Would sales decline? That only works if gamers follow the pattern you dictate. If NSMBU was available at Switch launch, it might be potentially at 20M+ right now if scaled up and pushed as software during release. If there was a remaster, it'd likely be on Switch 2, not Switch 1, and people buy remasters even when they have the old game. In short, there's no gap in sales, so sales would be higher, not lower; and there'd be no extensive need to waste dev resources in porting since it'd be a simple tier setting.
Mario Kart 8, I don't think there's anything to suggest revenue would be less from a greater number of people purchasing a Deluxe Expansion pass for the modes, content, and features.
There's no point in arguing the merits of Nintendo going to a more predatory practice: that's against industry trends, and more relevant, Nintendo's. While they've never had perfect backward compatibility, they've done what they can to keep have that feature in a reasonable way since the days of GBC. The flawed implementation wasn't by design or strategy, it was by necessity; nothing suggests they wouldn't implement a graduated platform if it was within their capability.
You're arguing Switch did well because Nintendo killed Wii U to support it. That's only half true, the Switch did well because Nintendo supported it, killing the Wii U had nothing to do with it. Releasing Breath of the Wild on both consoles didn't make it any less of a killer app on Switch. On the other-hand, killing support for Wii and DS did massive damage to Nintendo's financials, and they didn't recover from it the following generation.
Explaining how mobile/PC software cycles work differently than existing console strategies isn't an argument against my post, that's what I'm arguing.
And I'm not arguing for a Switch 1 clone. I'm arguing for a next generation Switch with an expanded ecosystem with new and improved software. We're looking at a substantially more powerful machine with better screen tech, better storage, battery and power efficiency. We've seen other hardware using the update and expand model, and they don't live in the shadow of their predecessors.
My original post already refutes Switch 2 living in Switch 1's shadow. My last post refutes that with the GBA SP and DS Lite upgrades, both immediately became the primary focus. We see similar behaviour in hardware companies which maintain and expand their ecosystems: we've seen a general expansion of brand, market value, and revenue over the last 10+ years. In fact, the consoles that DID live in the shadows of their predecessors were N64, Gamecube, and Wii U, consoles that came after a slash of momentum of the previous console and either A. Couldn't play prior generation software (N64 and Gamecube) or B. could play it, but worse than the previous generation. What I am advocating for with Switch 2 is a BETTER version of Switch 1 included with next generation hardware; significantly more of an upgrade than DS Lite and GBA SP were over DS and GBA.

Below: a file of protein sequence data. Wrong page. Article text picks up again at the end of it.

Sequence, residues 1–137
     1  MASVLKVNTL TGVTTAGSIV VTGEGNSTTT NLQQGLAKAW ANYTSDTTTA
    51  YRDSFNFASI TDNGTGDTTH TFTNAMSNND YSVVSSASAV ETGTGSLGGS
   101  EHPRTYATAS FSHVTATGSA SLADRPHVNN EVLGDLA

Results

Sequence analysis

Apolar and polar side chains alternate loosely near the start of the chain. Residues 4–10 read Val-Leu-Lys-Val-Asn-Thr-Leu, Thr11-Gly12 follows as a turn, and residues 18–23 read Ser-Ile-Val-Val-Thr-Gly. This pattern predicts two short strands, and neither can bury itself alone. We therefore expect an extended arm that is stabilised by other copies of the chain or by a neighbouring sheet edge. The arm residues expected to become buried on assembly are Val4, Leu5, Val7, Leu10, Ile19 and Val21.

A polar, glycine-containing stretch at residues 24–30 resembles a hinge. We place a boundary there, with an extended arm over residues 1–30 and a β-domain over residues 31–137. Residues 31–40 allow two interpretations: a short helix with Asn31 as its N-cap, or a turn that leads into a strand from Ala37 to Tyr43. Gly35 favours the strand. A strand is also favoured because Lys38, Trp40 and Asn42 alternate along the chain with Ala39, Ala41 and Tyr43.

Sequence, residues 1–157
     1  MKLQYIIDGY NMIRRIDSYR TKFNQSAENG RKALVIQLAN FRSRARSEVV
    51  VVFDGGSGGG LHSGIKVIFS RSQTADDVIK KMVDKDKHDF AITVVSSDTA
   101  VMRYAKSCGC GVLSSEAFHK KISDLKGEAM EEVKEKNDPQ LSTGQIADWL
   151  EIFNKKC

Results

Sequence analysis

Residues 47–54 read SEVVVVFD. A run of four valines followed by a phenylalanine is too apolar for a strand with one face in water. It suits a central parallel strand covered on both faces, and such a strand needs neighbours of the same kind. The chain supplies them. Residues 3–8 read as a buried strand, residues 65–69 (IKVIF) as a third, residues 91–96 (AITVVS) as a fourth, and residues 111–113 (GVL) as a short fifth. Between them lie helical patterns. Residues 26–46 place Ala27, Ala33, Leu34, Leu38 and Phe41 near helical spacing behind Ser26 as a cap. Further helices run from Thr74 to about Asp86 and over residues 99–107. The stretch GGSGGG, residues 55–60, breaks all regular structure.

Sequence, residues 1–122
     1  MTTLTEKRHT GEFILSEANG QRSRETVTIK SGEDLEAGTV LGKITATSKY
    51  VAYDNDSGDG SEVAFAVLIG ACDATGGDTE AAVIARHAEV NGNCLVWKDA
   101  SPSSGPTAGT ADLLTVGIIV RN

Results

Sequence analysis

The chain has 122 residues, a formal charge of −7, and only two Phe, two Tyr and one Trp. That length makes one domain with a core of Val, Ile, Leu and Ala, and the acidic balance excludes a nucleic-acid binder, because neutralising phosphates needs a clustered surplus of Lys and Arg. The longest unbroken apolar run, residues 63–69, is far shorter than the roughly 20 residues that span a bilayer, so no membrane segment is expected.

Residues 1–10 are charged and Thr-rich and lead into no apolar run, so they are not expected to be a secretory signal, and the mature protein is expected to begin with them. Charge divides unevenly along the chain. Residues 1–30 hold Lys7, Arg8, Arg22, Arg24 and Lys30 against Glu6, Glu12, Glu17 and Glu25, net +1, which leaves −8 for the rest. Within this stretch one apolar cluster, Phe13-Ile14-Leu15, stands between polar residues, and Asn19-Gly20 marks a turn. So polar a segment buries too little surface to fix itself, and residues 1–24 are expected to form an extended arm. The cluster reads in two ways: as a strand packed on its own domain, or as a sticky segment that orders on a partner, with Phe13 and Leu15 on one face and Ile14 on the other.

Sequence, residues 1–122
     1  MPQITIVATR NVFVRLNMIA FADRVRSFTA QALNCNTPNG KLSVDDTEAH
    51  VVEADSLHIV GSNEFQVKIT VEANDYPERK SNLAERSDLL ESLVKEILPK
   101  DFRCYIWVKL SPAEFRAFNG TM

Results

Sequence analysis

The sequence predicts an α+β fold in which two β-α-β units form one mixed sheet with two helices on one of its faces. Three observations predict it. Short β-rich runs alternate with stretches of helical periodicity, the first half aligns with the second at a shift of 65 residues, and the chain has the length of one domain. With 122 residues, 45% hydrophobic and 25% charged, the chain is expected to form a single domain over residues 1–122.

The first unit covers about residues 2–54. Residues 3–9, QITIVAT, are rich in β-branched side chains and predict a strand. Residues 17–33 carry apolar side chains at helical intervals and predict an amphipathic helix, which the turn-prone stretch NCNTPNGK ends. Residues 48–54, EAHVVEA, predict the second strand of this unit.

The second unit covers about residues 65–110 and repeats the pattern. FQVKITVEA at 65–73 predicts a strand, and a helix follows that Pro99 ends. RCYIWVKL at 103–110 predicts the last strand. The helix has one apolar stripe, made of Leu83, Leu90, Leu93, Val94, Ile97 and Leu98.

To sum it up:
* Stronger software sales because there's no generational decline.
* Far more effective use of dev resources because there's no need to spend time lots of time on porting.
* Killing previous gens is unnecessary for the next gen to be successful.
* Flawed transitions between generations has always done by necessity, not design. Flawed transitions would no longer be a necessity, and Nintendo won't do it by design.
* Predatory strategies are not a plus, and something Nintendo shown they try to avoid when possible
* Sales velocity maintains, recovers, and expands.
* Next generation will never live in the shadow of the previous generation (unlike the Wii U)
* Slashing support of old hardware and replacing it with new hardware is about 50/50 hit and miss for Nintendo (N64, Gamecube, Wii U, and 3DS were all failures relative to their previous generation). New hardware that improves the experience over old hardware is a consistently successful strategy.
Conclusion, even a lousy next generation of gaming software can have its losses mitigated because the next generation is also a significantly better way to play old generation software. While there will still be a decline, it will be less than it would otherwise be - case and point: the Wii U. Had the next generation been Wii HD instead, which instead improved the experience on all Wii games while including its next generation offerings, do you think it would have done worse than Wii U? The generation may have still bombed, but I'd estimate Wii HD sales would have been at least twice as successful and would have replaced the Wii immediately as the primary console; plus many more active gamers would exist on Wii because there'd be much better software in those later years: had Nintendo kept full steam on Wii support, we'd have seen hundreds of millions of more games sold. Now Switch has an advantage here, it already includes the architecture of the future - it benefits from the largest battle in technology today. The Wii and Wii U used a problematic and dead architecture that might have made the sort of model I suggested impossible - it's not impossible on the Switch, and Nintendo should absolutely do it.